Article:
Tuesday, December 27, 2016

Everything Old is New Again

Everything Old is New Again

There is an amazing research study that is going on at a Baltimore County high school.  The school has introduced an HVAC training program for kids that don’t want the full vocational school and want a career that does not necessarily include college.   I cannot imagine how they thought that up.  Someone must have been reading old Baltimore County yearbooks.  Fifty years ago, all Baltimore County high schools had a vocational component that was separate from the County vocational schools.  Of course, in those days there were also three separate high school diplomas.  People weren’t burdened by the egalitarian notion that all students are created equally. 
Of course, they are not.  The PARCC tests are supposed to measure a student’s readiness for college and careers.  But the only careers that today’s educators seem to care about are those that require a college education.  Many students do not have the academic acumen to do college level work.  We address that issue by burdening students and colleges with zero credit remedial courses for which students pay college tuition but do not receive college credits.   Many other students are just not interested in a math or language based career.   Too bad about that; the wise elders (and politicos) have determined that college is good for everyone whether you want it or not.  
The article about this great experiment references a girl who was thinking of dropping out of high school because she just didn’t see the relevancy of the program to her life.  Then she started the HVAC training program.  She loves it and is learning the skills to go to work in the HVAC industry with starting salries in the 60-70K range, about what a starting lawyer makes if he/she can find a job in law, and more than a starting teacher.   Oh, and she won’t be burdened by college debt. 

Our democracy would not be threatened if we allowed for human difference.  Democracy should make everyone equal in the eyes of the law.  It cannot make everyone equal in skill and talent.  We cannot do that by decree either.   Everyone can’t learn the same things and everyone does not even want to learn the same things.  Wouldn’t it be nice if we went back to the good old days where we recognized and accepted that as part of human difference?   Ok, not everything in the past was cool.  I won’t mop my floor wearing heels, make-up and a nice dress.  Smart people hold onto the best of the past while embracing the good of the future.  Differentiated diplomas and curricula were great ideas that were.   Too bad they went. 

Tuesday, December 20, 2016

Just What the Union Ordered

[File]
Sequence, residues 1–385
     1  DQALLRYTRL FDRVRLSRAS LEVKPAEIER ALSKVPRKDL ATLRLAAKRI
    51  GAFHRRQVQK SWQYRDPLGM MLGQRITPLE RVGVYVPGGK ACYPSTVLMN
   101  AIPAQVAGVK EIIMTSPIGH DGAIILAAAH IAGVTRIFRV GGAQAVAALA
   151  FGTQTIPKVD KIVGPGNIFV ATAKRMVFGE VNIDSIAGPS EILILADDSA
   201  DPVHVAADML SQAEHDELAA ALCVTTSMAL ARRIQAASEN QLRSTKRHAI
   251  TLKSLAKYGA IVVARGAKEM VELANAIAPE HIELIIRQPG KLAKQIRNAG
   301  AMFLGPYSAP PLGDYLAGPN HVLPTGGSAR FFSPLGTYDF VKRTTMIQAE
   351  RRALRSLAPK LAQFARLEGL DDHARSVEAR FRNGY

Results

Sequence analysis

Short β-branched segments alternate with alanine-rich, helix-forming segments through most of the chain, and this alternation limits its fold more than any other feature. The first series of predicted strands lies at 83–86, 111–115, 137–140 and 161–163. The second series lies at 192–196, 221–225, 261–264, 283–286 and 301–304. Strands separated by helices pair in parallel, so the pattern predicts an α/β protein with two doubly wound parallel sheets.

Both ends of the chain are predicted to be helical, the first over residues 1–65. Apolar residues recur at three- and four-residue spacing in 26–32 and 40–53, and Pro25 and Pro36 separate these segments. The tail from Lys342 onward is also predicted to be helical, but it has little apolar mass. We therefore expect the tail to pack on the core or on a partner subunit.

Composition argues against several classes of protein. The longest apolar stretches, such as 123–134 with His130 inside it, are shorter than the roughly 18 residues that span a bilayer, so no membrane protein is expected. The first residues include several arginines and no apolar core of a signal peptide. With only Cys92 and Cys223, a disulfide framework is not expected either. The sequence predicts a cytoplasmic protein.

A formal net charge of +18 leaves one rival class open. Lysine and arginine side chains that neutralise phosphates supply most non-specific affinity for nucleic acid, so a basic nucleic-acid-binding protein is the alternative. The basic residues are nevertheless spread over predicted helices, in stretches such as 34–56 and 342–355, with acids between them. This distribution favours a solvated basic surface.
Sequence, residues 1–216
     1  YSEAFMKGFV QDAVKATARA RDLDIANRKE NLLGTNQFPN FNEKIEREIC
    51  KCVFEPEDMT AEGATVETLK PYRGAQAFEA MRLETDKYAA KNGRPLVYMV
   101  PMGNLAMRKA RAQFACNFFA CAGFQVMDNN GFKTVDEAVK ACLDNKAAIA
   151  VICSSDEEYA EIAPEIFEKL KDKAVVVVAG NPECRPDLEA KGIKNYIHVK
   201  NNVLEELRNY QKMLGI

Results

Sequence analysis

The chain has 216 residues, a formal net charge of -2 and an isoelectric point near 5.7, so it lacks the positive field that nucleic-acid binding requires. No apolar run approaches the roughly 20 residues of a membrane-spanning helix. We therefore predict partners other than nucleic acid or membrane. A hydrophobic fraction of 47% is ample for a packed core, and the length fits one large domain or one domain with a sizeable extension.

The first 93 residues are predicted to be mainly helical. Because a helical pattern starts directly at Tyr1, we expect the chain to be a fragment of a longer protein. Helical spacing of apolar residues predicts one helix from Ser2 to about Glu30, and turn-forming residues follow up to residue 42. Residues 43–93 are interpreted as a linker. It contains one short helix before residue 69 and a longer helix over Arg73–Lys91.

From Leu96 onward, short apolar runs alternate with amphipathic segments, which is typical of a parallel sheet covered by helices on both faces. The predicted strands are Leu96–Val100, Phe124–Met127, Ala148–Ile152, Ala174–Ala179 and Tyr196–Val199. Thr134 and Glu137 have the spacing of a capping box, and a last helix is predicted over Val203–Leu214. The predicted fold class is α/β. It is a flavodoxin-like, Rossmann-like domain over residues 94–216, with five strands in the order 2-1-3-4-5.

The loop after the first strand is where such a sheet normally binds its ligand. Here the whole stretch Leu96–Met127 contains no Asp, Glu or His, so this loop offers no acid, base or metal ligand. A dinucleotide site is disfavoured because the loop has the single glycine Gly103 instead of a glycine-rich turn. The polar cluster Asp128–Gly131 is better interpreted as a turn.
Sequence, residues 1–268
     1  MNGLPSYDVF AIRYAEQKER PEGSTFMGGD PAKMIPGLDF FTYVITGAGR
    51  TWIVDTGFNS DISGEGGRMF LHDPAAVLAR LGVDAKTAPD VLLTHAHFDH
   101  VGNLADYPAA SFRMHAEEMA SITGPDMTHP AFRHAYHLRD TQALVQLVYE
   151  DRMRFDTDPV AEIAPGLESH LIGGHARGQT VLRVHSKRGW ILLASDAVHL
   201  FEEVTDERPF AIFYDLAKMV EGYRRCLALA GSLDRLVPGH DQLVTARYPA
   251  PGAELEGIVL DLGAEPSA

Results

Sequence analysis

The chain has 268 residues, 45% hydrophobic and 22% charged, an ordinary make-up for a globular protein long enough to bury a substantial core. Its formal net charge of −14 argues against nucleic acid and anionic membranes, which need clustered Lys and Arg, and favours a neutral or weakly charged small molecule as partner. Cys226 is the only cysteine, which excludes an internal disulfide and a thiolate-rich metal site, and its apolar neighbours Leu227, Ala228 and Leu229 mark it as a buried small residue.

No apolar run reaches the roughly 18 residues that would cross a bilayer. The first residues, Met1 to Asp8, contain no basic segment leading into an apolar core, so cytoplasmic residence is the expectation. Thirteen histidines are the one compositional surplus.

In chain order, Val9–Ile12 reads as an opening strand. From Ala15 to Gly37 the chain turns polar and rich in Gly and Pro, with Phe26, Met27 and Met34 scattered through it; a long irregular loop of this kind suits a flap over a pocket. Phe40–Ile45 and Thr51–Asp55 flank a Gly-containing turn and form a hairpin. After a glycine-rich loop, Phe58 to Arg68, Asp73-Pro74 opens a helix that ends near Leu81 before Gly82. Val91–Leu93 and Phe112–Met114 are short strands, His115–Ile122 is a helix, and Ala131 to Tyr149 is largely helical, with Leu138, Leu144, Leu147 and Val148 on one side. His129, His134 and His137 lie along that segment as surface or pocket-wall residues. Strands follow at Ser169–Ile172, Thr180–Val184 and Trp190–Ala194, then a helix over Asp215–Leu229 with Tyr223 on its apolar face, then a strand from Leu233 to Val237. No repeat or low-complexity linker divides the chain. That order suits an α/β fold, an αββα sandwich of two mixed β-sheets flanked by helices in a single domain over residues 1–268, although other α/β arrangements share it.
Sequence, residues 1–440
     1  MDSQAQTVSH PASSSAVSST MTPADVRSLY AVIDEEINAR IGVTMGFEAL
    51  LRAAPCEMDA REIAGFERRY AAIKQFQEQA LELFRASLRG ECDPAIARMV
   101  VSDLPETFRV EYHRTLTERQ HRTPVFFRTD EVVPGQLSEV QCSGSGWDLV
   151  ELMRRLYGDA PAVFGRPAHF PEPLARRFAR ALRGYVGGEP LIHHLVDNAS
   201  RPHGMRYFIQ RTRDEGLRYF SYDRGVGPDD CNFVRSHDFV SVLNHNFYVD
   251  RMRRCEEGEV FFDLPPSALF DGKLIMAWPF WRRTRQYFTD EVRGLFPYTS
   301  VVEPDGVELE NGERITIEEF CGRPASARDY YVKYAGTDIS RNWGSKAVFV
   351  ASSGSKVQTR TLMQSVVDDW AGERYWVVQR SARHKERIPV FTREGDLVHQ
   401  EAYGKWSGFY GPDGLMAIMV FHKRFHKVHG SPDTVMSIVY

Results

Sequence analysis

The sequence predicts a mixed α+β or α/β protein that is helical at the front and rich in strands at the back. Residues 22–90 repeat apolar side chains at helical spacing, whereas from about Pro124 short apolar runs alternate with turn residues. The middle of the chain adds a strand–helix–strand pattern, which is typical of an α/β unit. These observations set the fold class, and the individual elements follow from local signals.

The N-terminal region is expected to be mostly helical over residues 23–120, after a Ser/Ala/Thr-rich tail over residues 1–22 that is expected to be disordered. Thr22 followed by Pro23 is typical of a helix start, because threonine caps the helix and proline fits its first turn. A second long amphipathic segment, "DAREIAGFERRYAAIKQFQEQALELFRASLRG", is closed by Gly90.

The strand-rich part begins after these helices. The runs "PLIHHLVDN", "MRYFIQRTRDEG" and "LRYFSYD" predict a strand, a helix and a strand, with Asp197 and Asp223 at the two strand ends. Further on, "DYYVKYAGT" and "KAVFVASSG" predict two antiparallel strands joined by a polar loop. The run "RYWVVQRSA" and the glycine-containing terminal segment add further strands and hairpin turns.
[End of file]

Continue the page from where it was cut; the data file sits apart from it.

Just what the Union ordered

This is a true story.   A teacher in Maryland painted a red perimeter square around his desk area.  Students were not allowed to cross the perimeter.  A student did cross the line.  Two versions of what happened next were presented.  The boy said the teacher grabbed him and pushed him out of the prohibited area.  The boy fell and broke his arm.  The teacher said the boy stumbled on his own when directed by the teacher to leave the area.  The parents sued the school for child abuse.  The school district terminated the teacher’s contract for physically pushing the student.  The local board of education supported the administrative decision.  The union appealed the case to the State Board of Education.  The State Board of Education supported the union because there were conflicting stories.  HOWEVER, the teacher was terminated.  He was terminated for defacing public school property by painting the red perimeter line on the classroom floor.

Another true story.  A teacher received unsatisfactory evaluations for 5 years in a row.  Each year the union alleged favoritism by the administration of the school and demanded a transfer for the teacher.  Each year the teacher was transferred in the usual dance of the lemons where bad teachers are just transferred to different schools.  After five years, the school system finally took action and terminated the teacher.  The union filled appeals all the way to a state court.  The union and the teacher alleged that the current principal discriminated against the teacher and that the teacher had heard the principal make comments about other teachers that were anti-Semitic and/or negative about older staff.  The teacher in question was neither older nor Jewish.   No other school staff had complained about these alleged remarks.  The union’s case was that since the principal had engaged in discriminatory speech about other groups, he probably held the same kinds of negative opinions about the specific teacher who had been fired.  The court ruled that the teacher should be terminated since there was no evidence that the alleged negative comments by the principal impacted the evaluations of this teacher who was not a member of the targeted groups if the comments were even made.  After 5 years, the teacher lost her position.